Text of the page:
Summary and Info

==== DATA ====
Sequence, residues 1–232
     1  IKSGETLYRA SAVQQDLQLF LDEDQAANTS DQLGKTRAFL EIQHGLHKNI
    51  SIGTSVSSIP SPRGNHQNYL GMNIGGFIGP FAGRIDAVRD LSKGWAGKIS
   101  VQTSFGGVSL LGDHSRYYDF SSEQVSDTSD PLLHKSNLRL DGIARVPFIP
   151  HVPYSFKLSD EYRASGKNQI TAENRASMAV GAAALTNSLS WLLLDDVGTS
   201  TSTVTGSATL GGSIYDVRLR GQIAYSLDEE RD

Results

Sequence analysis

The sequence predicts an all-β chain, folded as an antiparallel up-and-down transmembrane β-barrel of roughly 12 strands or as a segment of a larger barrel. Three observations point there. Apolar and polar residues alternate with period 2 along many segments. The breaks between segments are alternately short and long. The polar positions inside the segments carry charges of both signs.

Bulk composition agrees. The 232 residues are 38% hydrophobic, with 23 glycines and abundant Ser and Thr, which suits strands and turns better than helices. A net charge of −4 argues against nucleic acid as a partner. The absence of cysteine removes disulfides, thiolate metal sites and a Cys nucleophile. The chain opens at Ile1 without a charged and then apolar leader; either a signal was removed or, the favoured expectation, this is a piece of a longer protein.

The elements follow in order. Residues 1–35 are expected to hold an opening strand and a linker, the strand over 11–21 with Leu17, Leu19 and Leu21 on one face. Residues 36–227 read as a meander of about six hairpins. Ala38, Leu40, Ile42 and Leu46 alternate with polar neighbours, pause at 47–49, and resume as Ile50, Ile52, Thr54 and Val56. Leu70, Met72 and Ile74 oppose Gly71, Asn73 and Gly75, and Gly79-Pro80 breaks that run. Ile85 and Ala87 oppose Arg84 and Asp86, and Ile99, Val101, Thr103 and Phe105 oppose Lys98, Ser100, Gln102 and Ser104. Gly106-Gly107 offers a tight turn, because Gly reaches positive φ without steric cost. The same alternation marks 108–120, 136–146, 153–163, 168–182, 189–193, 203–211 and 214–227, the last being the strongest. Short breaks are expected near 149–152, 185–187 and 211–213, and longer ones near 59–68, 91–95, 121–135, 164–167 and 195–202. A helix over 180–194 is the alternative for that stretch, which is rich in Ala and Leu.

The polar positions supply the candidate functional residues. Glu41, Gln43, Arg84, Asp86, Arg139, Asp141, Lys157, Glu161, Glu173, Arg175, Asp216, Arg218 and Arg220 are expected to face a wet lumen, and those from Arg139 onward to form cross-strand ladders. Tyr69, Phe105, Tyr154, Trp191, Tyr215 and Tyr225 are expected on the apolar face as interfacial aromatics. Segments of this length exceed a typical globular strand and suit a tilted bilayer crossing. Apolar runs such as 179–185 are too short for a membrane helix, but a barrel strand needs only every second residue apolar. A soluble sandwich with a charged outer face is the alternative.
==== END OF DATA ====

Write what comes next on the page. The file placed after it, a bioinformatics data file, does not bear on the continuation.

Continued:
The Minnesota Multiphasic Personality Inventory (MMPI, MMPI-2, and MMPI-A) and the Rorschach are the two tests used most widely in clinical personality assessment to evaluate personality functioning, current emotional state, and the presence, nature, and severity of psychopathology, as well as to formulate treatment interventions. Psychologists' vigorous interest in and intense loyalty to the Rorschach and MMPI are reflected in the large and still growing theoretical and empirical literature concerning these tests. Given the enduring popularity of these two tests, it is surprising to find that only a small percentage of these numerous studies have examined the relationships between the two. Both tests provide valuable information about an individual's symptoms, behavior, emotions, interpersonal functioning, self-concept, defenses, and the dynamics underlying their behavior. Although much has been written about each test individually, little has been written about how to use the two tests together even though many psychologists use a battery of tests when conducting personality assessments in clinical practice. The basic premise of this book is that psychologists' armamentarium of assessment techniques can be strengthened by using the MMPI-2 and Rorschach together in a complementary fashion, and that essential information may be lost if one test is used to the exclusion of the other. The book examines interrelationships between the MMPI-2 and Rorschach on several different levels including empirical and research findings, conceptual relationships, and integrated interpretations using a series of in-depth case presentations. A balance is maintained between the foundation provided by research and by clinical theory for conceptualizing, understanding, and treating patients with a variety of psychological disorders. This volume illustrates the contribution psychological test findings make to clinical decision making and differential diagnosis, and discusses the links between test data, clinical judgment, and DSM-IV.